On Dec. 13, 1989, she filed a federal lawsuit against Marquez and seven other members of the sheriff’s department alleging sexual harassment and wrongful termination.
Marquez filed one last complaint against Abrams in January 1990, saying she threatened to hit him.
That charge was dismissed less than three months later.
Abrams was scheduled to give a deposition in the lawsuit on Oct. 22, 1990, but then she disappeared.
Her family called the sheriff’s department on the morning of Oct. 5, 1990, to report her missing. Abrams’ red Dodge Daytona was found hours later in a neighborhood in Harvey.
The car was locked, but the keys were still in the ignition. Someone found her purse, minus her credit cards, the following day in a residential area near where her car was found.
Because of Abrams’ pending federal lawsuit, the investigation into her disappearance was turned over to the state police. The investigation eventually went all the way to the Illinois Supreme Court.
About seven months after she disappeared, Marquez and his brother, John Romo, were served with Will County grand jury subpoenas. The grand jury investigating Abrams’ disappearance wanted the men to stand in a witness lineup and provide hair and blood samples, fingerprints and palm prints.
Marquez and Romo fought the subpoena, and eventually the high court agreed with them.
Since Marquez and Romo were not charged with a crime and no one had testified that they had committed a crime, it was unreasonable to request the samples, the opinion states.
Will County prosecutors, led by then-State’s Attorney Edward Burmila, believed Abrams was a homicide victim.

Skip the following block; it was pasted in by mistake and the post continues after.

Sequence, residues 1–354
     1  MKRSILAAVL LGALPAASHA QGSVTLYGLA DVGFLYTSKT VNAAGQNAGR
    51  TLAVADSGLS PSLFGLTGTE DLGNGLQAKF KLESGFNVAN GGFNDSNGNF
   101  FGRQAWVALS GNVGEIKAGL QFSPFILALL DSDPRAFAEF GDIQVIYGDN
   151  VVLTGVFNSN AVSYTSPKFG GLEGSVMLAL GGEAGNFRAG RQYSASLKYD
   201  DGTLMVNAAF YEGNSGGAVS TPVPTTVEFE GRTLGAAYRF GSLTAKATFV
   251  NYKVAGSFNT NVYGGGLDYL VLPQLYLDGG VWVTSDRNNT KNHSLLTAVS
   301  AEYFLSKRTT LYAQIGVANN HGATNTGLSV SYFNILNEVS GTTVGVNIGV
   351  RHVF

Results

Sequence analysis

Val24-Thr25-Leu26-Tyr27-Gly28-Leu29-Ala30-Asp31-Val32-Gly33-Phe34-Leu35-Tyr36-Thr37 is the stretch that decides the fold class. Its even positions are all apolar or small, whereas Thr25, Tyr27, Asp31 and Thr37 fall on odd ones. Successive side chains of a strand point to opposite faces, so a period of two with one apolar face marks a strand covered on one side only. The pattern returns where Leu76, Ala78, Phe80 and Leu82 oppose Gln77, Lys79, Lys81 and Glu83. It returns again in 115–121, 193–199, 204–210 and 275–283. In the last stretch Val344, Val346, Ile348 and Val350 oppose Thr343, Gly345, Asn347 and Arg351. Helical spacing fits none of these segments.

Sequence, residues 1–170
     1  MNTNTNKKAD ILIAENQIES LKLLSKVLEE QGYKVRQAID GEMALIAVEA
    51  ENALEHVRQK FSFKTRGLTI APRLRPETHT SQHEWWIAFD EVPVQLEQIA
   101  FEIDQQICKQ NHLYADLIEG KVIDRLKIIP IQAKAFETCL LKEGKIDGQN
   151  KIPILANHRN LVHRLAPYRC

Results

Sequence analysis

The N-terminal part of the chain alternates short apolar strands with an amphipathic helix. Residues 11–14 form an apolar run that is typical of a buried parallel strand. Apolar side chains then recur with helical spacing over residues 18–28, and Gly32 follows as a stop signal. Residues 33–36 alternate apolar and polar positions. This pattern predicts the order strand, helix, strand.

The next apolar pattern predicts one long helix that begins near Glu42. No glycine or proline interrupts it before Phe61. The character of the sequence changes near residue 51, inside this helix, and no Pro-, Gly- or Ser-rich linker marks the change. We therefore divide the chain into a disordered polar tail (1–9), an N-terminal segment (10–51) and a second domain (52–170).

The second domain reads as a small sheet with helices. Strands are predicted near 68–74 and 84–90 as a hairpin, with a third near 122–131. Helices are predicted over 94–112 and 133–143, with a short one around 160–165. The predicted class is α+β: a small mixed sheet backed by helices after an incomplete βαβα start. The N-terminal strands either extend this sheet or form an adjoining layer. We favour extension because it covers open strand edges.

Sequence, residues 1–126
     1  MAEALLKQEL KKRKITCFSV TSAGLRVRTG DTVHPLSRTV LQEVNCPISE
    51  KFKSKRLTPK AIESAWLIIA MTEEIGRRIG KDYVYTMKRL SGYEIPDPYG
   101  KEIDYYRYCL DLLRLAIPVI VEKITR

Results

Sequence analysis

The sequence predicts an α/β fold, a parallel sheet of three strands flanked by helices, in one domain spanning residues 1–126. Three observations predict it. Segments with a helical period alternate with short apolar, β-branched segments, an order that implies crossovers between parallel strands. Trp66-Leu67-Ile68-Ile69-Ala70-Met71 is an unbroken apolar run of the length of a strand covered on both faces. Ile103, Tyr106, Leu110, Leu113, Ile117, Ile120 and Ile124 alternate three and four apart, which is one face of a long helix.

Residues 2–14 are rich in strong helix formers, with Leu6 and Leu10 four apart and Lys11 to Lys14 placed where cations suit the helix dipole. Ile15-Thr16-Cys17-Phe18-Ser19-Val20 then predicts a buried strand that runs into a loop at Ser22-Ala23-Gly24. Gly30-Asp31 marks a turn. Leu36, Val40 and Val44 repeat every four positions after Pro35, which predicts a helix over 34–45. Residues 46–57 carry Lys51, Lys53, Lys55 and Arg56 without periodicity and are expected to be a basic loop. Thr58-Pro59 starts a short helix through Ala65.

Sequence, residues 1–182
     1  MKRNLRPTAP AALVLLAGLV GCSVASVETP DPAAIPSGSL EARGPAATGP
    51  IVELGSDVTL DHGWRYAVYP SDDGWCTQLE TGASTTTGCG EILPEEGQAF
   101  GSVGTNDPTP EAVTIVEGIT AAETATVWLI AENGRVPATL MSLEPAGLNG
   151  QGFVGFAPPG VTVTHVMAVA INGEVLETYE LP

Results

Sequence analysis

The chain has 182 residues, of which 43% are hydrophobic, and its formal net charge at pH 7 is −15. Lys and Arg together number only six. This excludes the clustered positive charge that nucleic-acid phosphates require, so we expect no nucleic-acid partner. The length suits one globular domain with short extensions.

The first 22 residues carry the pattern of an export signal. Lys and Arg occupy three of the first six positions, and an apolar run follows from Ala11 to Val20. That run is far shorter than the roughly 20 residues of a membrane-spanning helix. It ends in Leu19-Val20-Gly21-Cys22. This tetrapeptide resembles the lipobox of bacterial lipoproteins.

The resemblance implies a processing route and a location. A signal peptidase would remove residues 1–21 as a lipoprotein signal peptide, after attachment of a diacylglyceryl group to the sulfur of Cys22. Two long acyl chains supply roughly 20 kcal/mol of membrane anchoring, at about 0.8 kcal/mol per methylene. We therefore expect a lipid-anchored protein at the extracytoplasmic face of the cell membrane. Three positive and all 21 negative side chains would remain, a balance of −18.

“Hopefully they’ll make an arrest some day,” Burmila, who is now a Will County Circuit Court judge, said in a late September interview.
At his Elwood home Friday, a reporter told Marquez The Herald News
was working on a story about Abrams.
Marquez emphatically said, “Sorry. Sorry. Sorry. Zero,” and went back into his house.
Abrams’ case remains open. No one, including Marquez and Romo, has been charged in connection with her disappearance.
State police, who are investigating the 22-year-old case along with the FBI, declined to comment on the case, which they said was “currently pending.”
A request by The Herald News under the Freedom of Information Act for state police reports on the investigation was denied, and the denial is being reviewed by the Illinois attorney general’s office.
The Will County sheriff’s department also denied a FOIA request for all of the department’s reports involving Abrams. That denial also is being reviewed by the attorney general.
Abrams’ federal lawsuit was dismissed on Jan. 9, 1991, because her whereabouts were unknown.
Walsh, of Crestwood, has a massive file of paper documenting the last few years of Abrams’ life.
“That was my sister,” Walsh said. “She was a person. I want to know. I want answers for this.”
The last time there appeared to be public movement on the case was in the mid-1990s.
In 1995, state police dug up the basement of a house in Joliet searching for Abrams’ remains. Investigators reportedly believed her body was buried in the foundation of the house, which was built around the time she disappeared.
At that time, Will County State’s Attorney Jim Glasgow told The Herald News there was “a mountain of circumstantial evidence” in the Abrams case.
Glasgow this week declined to comment on the case because it is an open investigation.
He said, however, that the Abrams case files never were moved to storage and his office is following up on new information and planning to interview some people connected to the case.
Walsh refuses to give up on her quest to get answers — and justice — for her sister.
“Robin was the kind of person who would help anyone,” she said. “She was always there for her family.”